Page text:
NTSPP 710 – Big Dave's Crossword Blog
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A Puzzle by Madcap

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The puzzle is available by clicking on the above grid.

A review by Prolixic follows


1a  Wound is no handicap (7)
SCRATCH: Double definition.

5a  Agreement vetoes right for intercourse (7)
CONTACT: A commercial agreement between parties without (vetoes) the letter R (right).

9a  Post man called (4)
MAIL: A homophone (called) of male (man).

10a  Spies not using artificial intelligence in tailing despicable father (10)
PRIESTLING: A five-letter word meaning spies followed by the tailing from the clue without (not using) the abbreviation for artificial intelligence.

12a  Common reached by street with A-road (8)
STANDARD: The abbreviation for street followed by a three-letter word meaning with, the A from the clue and the abbreviation for road.

13a  Untidy garbage mostly (6)
RAGBAG: An anagram of GARBAGE without its final letter (mostly).

14a  Not the main way to go in general (5)
BROAD: Double definition, the main way to go being an A-Road.

16a  Runner (Evesham to Stratford) excited Eva when claiming a victory (5,4)
UPPER AVON: A two-letter word meaning excited followed by the surname of the Argentinian Eva that includes (claiming) the A from the clue and the abbreviation for victory.

18a  New socialite in ruins abandoned special hair extensions (9)
SIDEBURNS: A three-letter word for a new socialite in an anagram (abandoned) of RUINS followed by the abbreviation for special.

20a  Explosive is concealed within fixed panel (5)
SHEET: The abbreviation for High Explosive inside a three-letter word meaning fixed.

23a  Tart's eaten by my parrot (6)
COPIER: A three-letter word for a tart (as in food) inside (eaten by) a three-letter word meaning my.

24a  What about beast in pen taking rap for literary legend? (8)
EPIGRAPH: A two-letter word meaning what around (about) a three-letter word for a farm animal kept in a pen or sty and the rap from the clue.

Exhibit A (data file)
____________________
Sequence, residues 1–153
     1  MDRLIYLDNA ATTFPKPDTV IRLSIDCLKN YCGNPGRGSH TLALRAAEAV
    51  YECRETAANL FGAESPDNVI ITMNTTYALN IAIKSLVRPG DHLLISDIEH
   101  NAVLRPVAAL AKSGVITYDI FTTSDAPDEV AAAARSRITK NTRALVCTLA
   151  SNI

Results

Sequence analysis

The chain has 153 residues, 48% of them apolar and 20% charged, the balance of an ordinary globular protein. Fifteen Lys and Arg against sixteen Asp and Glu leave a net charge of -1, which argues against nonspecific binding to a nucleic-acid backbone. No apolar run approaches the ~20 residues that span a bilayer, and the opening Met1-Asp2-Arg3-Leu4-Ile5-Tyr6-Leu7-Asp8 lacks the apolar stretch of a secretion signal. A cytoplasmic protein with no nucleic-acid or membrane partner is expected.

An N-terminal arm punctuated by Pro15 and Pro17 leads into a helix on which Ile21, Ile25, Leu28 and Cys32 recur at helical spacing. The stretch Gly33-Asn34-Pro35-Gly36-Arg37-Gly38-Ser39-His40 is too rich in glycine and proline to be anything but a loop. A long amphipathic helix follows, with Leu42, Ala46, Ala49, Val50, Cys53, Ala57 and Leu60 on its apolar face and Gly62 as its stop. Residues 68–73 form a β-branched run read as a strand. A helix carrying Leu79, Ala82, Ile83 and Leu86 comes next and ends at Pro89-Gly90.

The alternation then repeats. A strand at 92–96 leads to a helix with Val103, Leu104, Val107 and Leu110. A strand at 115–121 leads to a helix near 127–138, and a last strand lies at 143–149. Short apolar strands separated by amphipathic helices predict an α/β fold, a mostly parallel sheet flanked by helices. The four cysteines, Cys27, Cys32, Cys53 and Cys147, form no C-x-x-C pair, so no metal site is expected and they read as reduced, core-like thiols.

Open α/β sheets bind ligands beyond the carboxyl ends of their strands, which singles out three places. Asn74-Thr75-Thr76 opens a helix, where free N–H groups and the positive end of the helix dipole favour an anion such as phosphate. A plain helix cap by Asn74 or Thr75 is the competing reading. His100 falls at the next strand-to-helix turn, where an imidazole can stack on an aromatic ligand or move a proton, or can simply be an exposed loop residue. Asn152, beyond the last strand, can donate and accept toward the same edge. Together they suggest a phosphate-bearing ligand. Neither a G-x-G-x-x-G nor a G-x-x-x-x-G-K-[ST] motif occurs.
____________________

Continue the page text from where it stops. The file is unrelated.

26a  Bill introduced short time before first Queen's rule (10)
ADMINISTER: A two-letter word for a bill followed by a three-letter abbreviation word for a period of time, the abbreviation for first and the regnal cipher for the queen.

27a  What lad needs to get laid daily! (3,1)
THE I: The definite article followed by the letter added to lad to get laid.

28a  Gift posted in advance? (7)
PRESENT: Split 3-4, this could mean posted in advance.

29a  Modest offering reportedly from Leith on Great British Bake-off? (7)
PRUDISH: A homophone (reportedly) of PRUE DISH. 


2d  Business to flower as offshore trader (7)
COASTER: The abbreviation for company followed by a five-letter word for a type of flower.

3d  Spent everything - going to pot (3,2)
ALL IN: Double definition.

4d  Drinks constant stimulants, they say (6)
CUPPAS: The abbreviation for constant followed by a homophone (they say) of uppers (stimulants).

6d  Old boy's always inspired, essentially correct - is he a seer? (8)
OBSERVER: The abbreviation for old boy preserving the S from ‘s followed by a four-letter word meaning always that includes (inspired) the middle letter (essentially) of correct.

7d  Advance warning - stage strike to stop the rebuilding (9)
TELEGRAPH: A three-letter word for a stage and a three-letter word meaning strike all inside (to stop) an anagram (rebuilding) of THE.

8d  Aperitif in South Africa bottled by odd characters from Congo (7)
CINZANO: The IN from the clue and the IVR code for South Africa inside (bottled by) the odd letters on Congo.

11d  Home Office section brief outlines aim: ‘primarily England nation to be sovereign’ (11)
INDEPENDENT: A two-letter word meaning home and a four-letter brief word for a section of an office includes (outlines) a three letter word meaning aim and the first letter (primarily) of England and Nation.